|The real Bridget on the right, Kristen Stewart on the left|
1. She was restless.
Bridget moved to the U.S. from Ireland in 1886. For the next two years, she lived in three different states: Rhode Island, Pennsylvania and Massachusetts. Quite a lot of traveling for a young immigrant in her early 20s. Even within the small town of Fall River, Massachusetts, she worked for two other families before coming to be the Borden family maid in 1889.
2. She tried to quit.
Bridget was unhappy at the Borden household and tried several times to end her employment. It is said Mrs. Borden begged her to stay and raised her wages.
|Abby welcomed Bridget's presence in the tense household|
3. She knew more than she said.
The prosecuting attorney Hosea Knowlton always thought Bridget had something to do with the murders, or at least had incriminating information she was holding back.
|Suspicious Hosea Knowlton|
4. She had a strong brogue.
Bridget's Irish accent was so deep that at times during Lizzie Borden's trial she was not understood. In particular, when she spoke of "keys," it was thought she was saying "case."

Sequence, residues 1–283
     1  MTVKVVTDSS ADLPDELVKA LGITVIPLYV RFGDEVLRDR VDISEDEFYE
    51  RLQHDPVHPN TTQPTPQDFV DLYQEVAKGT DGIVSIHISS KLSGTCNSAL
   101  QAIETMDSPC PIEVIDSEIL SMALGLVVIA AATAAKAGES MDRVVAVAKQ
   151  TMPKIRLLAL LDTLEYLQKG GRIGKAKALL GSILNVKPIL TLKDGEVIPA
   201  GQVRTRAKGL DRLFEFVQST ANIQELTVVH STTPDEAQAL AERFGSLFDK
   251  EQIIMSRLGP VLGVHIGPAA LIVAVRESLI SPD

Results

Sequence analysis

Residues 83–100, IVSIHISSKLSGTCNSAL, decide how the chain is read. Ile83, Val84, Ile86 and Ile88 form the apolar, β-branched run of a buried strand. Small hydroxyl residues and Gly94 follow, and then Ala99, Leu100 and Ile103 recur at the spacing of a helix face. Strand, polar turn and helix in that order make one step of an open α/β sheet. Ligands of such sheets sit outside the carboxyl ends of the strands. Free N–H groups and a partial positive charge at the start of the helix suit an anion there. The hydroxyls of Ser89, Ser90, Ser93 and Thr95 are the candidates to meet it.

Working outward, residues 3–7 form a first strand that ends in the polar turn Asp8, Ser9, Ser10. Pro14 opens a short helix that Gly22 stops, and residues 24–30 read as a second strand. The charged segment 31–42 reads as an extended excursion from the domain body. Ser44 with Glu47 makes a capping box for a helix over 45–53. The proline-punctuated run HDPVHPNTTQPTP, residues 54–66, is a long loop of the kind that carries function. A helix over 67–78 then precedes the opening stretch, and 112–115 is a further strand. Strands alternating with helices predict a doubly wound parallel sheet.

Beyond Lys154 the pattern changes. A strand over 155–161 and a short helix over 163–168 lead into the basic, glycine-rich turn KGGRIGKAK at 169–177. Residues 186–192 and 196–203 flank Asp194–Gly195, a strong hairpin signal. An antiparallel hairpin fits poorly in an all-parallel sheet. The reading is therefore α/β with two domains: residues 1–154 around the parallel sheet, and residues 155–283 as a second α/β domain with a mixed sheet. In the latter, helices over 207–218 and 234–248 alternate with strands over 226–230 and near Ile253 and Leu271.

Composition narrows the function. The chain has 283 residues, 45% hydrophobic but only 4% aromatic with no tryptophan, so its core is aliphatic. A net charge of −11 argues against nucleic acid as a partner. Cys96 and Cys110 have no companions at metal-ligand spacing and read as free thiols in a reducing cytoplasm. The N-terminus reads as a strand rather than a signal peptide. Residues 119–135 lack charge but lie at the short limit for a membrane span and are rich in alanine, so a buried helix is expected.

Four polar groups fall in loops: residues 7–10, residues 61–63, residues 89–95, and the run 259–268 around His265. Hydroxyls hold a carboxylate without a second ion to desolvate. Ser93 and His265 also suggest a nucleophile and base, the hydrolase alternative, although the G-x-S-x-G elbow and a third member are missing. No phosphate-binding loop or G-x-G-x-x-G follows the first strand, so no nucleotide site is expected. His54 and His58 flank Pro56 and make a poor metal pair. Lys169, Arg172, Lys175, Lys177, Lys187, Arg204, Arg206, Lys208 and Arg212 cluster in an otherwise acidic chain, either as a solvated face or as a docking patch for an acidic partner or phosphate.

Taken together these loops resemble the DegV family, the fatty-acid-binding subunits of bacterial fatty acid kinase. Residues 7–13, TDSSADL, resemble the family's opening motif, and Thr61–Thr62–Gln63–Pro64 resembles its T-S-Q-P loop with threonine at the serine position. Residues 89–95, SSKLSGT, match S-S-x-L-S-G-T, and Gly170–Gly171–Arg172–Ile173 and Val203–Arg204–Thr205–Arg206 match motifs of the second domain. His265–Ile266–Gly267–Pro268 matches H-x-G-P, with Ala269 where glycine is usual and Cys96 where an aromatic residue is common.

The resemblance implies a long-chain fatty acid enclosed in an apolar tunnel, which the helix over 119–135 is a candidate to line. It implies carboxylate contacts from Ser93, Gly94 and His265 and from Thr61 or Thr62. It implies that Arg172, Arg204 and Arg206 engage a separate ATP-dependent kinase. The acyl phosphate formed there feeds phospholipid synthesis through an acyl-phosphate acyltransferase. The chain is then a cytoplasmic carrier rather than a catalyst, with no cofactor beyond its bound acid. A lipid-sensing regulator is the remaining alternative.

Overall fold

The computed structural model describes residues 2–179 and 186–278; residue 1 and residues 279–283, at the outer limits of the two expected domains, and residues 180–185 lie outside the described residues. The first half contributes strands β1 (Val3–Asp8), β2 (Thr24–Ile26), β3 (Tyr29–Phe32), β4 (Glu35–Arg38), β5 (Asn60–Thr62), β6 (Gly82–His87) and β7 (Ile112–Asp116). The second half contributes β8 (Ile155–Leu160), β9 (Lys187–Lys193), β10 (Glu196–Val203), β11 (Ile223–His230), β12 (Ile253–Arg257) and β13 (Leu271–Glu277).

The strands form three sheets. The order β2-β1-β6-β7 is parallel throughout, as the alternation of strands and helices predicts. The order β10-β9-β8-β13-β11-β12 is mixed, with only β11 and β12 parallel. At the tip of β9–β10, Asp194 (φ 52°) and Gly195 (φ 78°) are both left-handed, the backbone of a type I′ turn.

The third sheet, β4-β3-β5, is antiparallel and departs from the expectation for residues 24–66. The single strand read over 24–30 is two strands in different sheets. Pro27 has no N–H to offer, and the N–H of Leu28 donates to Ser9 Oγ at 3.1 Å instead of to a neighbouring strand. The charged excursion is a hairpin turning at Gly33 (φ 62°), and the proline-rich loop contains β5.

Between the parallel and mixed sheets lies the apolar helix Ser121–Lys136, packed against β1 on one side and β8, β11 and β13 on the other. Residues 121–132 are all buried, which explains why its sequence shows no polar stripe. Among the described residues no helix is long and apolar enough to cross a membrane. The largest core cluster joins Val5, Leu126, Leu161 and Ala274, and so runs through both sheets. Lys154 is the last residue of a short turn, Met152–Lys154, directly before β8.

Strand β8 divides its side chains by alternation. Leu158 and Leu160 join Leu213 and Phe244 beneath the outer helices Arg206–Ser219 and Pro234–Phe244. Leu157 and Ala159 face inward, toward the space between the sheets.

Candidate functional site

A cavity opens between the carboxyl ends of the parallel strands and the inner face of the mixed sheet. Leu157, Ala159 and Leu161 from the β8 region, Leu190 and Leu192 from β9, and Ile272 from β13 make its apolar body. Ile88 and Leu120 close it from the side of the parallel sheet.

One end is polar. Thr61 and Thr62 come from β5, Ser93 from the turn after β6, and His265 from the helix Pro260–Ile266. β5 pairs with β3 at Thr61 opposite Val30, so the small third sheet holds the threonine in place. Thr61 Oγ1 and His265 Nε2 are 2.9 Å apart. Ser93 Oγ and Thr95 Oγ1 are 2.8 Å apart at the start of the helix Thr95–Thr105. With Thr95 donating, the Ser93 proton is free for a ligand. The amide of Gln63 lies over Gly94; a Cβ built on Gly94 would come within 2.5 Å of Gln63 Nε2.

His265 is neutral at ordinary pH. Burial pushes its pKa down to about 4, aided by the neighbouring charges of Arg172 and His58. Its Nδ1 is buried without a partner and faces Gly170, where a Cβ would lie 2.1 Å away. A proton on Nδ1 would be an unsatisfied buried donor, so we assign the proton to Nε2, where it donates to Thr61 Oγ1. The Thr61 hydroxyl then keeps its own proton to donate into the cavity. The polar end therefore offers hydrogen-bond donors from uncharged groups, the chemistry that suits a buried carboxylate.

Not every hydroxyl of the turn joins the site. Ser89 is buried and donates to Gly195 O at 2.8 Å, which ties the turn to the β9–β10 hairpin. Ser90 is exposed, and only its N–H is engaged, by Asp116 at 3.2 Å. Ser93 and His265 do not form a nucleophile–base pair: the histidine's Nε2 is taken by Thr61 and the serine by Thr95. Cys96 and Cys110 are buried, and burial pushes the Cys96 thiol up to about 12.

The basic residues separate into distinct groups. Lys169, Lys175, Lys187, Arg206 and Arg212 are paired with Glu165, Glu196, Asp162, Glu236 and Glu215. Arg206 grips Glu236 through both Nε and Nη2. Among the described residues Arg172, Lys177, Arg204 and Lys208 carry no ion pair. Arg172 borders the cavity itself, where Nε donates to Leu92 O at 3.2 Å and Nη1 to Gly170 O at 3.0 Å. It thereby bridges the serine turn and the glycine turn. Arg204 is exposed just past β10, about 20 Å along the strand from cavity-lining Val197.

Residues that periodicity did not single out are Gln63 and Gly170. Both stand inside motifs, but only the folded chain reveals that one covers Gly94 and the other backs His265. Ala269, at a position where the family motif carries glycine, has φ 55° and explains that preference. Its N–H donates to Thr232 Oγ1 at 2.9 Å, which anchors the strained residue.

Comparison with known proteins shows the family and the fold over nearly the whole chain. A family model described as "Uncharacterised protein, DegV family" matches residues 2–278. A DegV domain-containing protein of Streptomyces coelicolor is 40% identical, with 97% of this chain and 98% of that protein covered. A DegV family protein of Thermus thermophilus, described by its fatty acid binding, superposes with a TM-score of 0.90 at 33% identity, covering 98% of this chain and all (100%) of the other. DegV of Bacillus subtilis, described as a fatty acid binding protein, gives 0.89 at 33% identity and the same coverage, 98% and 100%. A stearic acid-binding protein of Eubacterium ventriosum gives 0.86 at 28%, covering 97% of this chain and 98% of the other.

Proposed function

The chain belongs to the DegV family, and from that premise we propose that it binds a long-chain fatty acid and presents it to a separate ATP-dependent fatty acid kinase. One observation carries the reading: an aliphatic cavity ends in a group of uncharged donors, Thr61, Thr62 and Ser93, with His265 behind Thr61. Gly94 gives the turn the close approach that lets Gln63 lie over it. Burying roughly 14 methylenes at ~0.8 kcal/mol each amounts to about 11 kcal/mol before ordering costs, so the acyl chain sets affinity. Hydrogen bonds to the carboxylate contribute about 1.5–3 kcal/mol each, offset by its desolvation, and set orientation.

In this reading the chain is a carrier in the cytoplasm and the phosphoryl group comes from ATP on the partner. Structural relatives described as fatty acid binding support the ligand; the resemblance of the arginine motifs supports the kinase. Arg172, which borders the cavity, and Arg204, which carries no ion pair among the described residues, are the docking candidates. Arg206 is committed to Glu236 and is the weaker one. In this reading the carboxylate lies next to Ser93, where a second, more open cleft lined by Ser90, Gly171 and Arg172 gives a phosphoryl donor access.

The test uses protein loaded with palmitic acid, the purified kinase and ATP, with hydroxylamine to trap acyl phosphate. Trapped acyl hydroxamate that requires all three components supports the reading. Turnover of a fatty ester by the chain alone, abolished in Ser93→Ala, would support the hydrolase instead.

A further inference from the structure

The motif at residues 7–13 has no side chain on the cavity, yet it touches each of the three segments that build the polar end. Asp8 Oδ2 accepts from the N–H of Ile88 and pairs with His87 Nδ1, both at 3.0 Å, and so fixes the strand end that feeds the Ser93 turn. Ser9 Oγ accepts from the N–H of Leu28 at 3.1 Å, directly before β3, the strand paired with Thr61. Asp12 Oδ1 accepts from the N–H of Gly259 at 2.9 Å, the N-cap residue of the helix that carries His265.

5. She had a nickname
Whether Bridget welcomed it or not, Lizzie called her "Maggie," the name of a previous maid. Was it Lizzie being sloppy, finding it too darn difficult to learn a new name, or was she being affectionate? Was it meant to be demeaning? Bridget claimed in court that she didn't mind being called Maggie, but a person's name is one of the most profound and integral parts of their identity.
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Love history? My historical novels are below. And in October 2017, watch for The Murderer's Maid: a Novel of Lizzie Borden.
Updated: The Murderer's Maid is now available for preorder.
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